Gates said he was frustrated by the praise for Lee.
“It’s appalling to me that individuals would thank a person for violating state policy and creating confrontations over DEI when that’s exactly what that person was hired to promote,” he said. “The hypocrisy of that is saddening and mind-boggling to me.”
For nearly 40 years Gates has owned a business that helps owners of industrial, agricultural, commercial and residential properties manage wildlife interaction, whether it’s “a gopher in the garden, a pigeon at the power plant, beavers at water structures or squirrels in the attic,” he said.
It’s an important job that is often misunderstood, he said.
Gates said a restaurant owner he worked with on a volunteer wildlife management group once dismissed his work as “just killing things.”
“I said ‘Do you have mice in your kitchen? She responded ‘Oh, no. Never,’” he said. “Well a mouse to you can be a wolf to someone else.”
Gates likes to wear a hat that reads “If you don’t have a seat at the table, you are on the menu.” That’s an old adage commonly repeated by politicians – like Ann Richards and Elizabeth Warren – urging more people to participate in policy discussions.
Gates has worn that hat at wildlife conferences for many years. Lee, in her letter to Polis and Gibbs, called the hat a sign of his “blatant hatred and unwelcoming demeanor.” Lee told investigators: “This man is walking around with a racist hat and we’re sitting here talking about policies. I don’t understand – this is so weird. These are not the right questions. Why are these people not fired? How can you do that and still keep your job?”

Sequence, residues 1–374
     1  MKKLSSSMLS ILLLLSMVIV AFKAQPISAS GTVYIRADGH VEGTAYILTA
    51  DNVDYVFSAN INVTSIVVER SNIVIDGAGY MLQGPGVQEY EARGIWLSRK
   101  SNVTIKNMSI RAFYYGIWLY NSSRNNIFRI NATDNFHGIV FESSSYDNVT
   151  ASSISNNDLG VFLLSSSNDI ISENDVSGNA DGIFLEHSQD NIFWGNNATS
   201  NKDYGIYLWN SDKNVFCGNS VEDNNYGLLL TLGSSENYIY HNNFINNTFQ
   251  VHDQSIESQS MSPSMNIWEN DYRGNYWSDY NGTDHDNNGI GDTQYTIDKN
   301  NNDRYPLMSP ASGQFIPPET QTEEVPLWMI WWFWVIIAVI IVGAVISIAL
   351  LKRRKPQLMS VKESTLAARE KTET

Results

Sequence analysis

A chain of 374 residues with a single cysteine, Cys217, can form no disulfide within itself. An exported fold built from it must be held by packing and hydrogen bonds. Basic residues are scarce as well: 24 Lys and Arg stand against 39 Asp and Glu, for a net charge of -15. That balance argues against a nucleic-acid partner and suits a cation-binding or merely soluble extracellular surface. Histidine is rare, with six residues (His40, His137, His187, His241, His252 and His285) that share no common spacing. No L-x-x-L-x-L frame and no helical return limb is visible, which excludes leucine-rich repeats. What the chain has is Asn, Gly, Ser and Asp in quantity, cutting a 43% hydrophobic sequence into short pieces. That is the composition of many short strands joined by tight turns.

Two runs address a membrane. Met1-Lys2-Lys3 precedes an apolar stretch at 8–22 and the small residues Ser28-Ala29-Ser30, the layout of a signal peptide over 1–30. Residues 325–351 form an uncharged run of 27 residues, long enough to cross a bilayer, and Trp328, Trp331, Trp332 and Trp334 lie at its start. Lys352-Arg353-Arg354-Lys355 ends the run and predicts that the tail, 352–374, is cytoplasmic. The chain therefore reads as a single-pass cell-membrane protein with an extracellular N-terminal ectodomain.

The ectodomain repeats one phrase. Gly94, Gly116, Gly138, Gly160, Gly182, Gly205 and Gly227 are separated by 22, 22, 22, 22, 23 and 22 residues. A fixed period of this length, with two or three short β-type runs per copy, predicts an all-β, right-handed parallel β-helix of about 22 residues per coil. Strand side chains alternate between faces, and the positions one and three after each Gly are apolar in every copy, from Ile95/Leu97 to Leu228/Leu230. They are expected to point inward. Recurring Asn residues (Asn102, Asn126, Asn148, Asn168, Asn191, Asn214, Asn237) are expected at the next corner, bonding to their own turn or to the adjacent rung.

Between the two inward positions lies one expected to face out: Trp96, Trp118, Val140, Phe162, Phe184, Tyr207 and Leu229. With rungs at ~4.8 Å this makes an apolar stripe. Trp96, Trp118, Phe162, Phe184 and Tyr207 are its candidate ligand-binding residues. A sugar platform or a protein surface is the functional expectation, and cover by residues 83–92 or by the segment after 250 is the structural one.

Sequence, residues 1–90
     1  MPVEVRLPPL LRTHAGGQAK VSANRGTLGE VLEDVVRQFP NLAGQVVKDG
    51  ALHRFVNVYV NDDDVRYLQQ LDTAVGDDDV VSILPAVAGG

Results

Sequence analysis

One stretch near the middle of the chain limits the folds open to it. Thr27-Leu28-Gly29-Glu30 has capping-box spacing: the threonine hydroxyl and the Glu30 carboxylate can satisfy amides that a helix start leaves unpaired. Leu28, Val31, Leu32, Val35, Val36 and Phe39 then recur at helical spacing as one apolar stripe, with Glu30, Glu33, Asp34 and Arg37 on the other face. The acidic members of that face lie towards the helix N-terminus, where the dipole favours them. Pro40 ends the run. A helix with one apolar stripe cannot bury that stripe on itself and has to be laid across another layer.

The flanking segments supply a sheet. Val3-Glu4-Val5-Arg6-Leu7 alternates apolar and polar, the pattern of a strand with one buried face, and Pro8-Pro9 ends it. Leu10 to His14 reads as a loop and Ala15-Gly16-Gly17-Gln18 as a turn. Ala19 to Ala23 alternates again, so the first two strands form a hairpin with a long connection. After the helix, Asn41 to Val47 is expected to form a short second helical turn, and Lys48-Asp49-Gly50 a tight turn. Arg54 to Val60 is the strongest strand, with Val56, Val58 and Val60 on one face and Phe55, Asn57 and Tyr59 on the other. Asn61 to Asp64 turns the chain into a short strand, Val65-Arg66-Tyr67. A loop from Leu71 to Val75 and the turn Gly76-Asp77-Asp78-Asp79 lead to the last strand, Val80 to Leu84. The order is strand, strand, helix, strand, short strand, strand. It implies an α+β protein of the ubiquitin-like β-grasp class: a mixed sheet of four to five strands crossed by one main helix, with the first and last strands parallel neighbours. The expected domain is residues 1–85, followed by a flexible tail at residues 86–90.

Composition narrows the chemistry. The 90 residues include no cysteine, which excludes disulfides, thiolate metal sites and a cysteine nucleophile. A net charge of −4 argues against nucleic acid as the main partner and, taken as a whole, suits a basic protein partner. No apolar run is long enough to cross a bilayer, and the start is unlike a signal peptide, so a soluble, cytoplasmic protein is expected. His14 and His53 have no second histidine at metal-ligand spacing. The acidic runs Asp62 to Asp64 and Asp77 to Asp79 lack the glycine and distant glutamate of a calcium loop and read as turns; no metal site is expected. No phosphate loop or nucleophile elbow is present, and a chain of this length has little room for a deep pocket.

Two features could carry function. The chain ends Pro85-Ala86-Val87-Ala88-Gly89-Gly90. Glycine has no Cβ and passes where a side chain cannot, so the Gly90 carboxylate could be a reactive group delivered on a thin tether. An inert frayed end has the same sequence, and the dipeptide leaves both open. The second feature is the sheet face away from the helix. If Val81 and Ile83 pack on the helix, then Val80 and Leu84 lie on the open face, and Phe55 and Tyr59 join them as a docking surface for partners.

Gates said he’s never had anyone complain about the hat before.
“If more people would follow that idea, we would not be in the position we are in,” he said.
It appears the Partners in the Outdoors conference will not occur next year. Lee was expected to organize the event but has not worked since April and the agency has not hired a new event organizer. The organizing committee that helps shape the annual conference has not met since the April event. Usually the agency sends an email with a date and location for the next year’s conference by the end of October.
An organizer with Colorado Parks and Wildlife declined to confirm that the 2023 conference was canceled and told The Sun the agency is “working on a partners newsletter” that should be emailed in the first half of December.
Truitt, who spent nearly a decade with the agency, said she wanted to stay and help staff weather this storm.
She laments the likely cancellation of the 2023 partners conference. Truitt praised Lee’s organization of the Vail event and hopes attendees can soon remember some of the “amazing good things and conversations” that happened during the three-day gathering.